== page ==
In the age of Amazon, traditional retailers need to leverage actionable customer insights to personalize their marketing campaigns and drive growth — or risk the fate of Toys “R” Us.
“I don’t wanna grow up….” That’s how Toys “R” Us’ infamous jingle started. The reality, though, is that this ubiquitous toy store chain’s failure to embrace and innovate on customer insights has landed a piece of our childhoods in the ever-growing retail graveyard.
Industry experts have long forecasted the death of traditional brick-and-mortar retail — and while the in-store experience remains the lifeblood of the modern retail industry, we do acknowledge that online retailers have emerged as fierce competition in recent years. Threats to traditional retail have taken many forms — e-commerce, fast fashion, tax policy — but each points to the same Achilles’ heel: an inability to adapt.
E-commerce giants like Amazon are founded on a customer-first ethos. Nearly everything in Amazon’s business model — its return policy, its streamlined logistics, its commitment to personalized shopping experiences — revolves around the customer. And while many traditional retailers recognize Amazon’s areas of competitive advantage, few have been able to dismantle their own deeply-entrenched organizational silos that are preventing them from uniting a view of their customer and evening the playing field — even just a little.
There is, however, a road to redemption for brick-and-mortar retailers. By restructuring their businesses not around new (or even existing) products but around data-driven customer insights, traditional retailers stand to reclaim market share once assumed to be forever lost to Amazon. That road is mapped through a better understanding of the customer journey, putting them at the center of the business model and analyzing their multi-touchpoint insights.
What is a (Relevant) “Customer Insight?”
Generally speaking, a “customer insight” is any observed, deduced, or forecasted metric that describes a customer’s behavior. However, what makes an insight relevant — and, by extension, valuable — is the degree to which it can be used to inform a brand’s real-world marketing decisions.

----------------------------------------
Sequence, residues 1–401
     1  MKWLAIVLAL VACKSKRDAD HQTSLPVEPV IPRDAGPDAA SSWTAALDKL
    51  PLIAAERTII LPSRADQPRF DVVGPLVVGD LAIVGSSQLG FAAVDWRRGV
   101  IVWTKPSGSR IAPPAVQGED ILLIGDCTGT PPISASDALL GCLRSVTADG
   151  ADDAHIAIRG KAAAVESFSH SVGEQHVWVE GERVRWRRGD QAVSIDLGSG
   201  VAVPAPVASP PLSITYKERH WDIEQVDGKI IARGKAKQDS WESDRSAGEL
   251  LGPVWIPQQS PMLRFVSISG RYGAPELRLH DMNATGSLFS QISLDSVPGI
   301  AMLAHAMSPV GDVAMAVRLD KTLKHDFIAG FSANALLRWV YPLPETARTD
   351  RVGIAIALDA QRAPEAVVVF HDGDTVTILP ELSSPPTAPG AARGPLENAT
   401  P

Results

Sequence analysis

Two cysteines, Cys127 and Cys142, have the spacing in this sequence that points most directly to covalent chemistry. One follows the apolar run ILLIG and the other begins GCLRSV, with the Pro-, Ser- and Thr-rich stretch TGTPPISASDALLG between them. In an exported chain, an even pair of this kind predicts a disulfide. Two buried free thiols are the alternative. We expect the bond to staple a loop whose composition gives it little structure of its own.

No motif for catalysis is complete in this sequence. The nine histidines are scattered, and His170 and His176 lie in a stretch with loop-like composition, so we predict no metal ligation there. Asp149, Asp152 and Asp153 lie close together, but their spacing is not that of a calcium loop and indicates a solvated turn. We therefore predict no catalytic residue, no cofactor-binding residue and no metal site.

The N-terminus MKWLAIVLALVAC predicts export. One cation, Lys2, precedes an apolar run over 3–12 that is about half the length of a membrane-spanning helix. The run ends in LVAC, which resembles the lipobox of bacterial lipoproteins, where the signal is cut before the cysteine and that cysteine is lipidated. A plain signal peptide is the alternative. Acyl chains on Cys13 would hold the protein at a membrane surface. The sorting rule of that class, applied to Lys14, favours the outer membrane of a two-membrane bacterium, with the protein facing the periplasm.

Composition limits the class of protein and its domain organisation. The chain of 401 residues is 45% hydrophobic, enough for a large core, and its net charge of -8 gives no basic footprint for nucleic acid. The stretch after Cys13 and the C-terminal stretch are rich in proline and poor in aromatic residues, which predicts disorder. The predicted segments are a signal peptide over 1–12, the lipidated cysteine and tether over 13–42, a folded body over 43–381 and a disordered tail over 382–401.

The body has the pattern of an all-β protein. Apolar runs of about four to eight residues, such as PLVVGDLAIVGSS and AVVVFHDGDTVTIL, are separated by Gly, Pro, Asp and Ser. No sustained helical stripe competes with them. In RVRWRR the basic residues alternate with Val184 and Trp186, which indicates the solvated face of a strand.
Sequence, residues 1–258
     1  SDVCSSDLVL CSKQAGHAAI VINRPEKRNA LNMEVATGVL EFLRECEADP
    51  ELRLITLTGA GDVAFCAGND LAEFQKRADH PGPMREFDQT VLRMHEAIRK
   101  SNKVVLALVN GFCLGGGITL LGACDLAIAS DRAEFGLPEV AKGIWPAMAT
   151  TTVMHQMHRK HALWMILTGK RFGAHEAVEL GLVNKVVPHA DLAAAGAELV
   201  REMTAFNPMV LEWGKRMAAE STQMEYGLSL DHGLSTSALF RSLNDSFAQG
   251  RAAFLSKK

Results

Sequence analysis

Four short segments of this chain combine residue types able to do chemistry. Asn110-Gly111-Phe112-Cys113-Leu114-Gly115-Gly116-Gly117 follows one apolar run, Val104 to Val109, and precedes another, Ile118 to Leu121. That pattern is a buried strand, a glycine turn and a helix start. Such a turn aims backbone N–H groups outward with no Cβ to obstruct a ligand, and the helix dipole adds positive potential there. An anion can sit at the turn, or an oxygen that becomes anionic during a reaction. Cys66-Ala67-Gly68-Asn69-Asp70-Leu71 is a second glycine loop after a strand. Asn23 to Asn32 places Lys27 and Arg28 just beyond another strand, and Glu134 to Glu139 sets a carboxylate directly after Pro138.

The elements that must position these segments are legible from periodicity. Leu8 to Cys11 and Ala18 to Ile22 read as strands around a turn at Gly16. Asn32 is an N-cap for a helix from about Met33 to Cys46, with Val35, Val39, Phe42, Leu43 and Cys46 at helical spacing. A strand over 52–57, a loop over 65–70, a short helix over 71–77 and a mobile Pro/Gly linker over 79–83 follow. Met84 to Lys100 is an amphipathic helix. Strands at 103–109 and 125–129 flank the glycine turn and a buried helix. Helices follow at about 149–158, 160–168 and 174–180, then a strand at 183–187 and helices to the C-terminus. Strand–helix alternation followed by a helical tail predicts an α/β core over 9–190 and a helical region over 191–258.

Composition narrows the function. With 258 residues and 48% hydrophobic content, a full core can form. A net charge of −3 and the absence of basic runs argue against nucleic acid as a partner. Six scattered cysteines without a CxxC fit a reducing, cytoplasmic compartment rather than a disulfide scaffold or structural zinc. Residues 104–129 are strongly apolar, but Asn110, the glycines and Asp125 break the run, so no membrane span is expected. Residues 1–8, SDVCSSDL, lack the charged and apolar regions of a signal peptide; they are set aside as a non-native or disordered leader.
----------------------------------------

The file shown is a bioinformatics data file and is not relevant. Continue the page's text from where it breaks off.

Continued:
Consider the case of high-growth internet retailer ELOQUII. Upon noticing that an unexpectedly high proportion of customers were returning white dresses, the brand’s marketing team made the entirely reasonable assumption that the fit and/or design of the dresses was not quite right.
After digging a bit deeper into their data, however, the team discovered that a majority of the returns were being made by customers who had purchased multiple white dresses, simultaneously. As it turned out, many women were actually shopping for wedding dresses, even though ELOQUII had never conceived of itself as a matrimonial marketplace.
ELOQUII used this discovery as an opportunity to have a series of productive conversations with its customers, gaining a better understanding of what they were looking for and how they perceived the brand. This anecdote demonstrates what can happen when a marketing team seizes on a customer insight (a high return rate for white dresses) and lets it inform a distinct decision (positioning ELOQUII as a purveyor of wedding dresses).
Setting Retail Marketers Up for Success
Customer insights can be derived from a variety of sources — CRM data, merchandise data, customer loyalty program data, etc. — but the processes through which brands leverage insights are just as important as where the insights come from.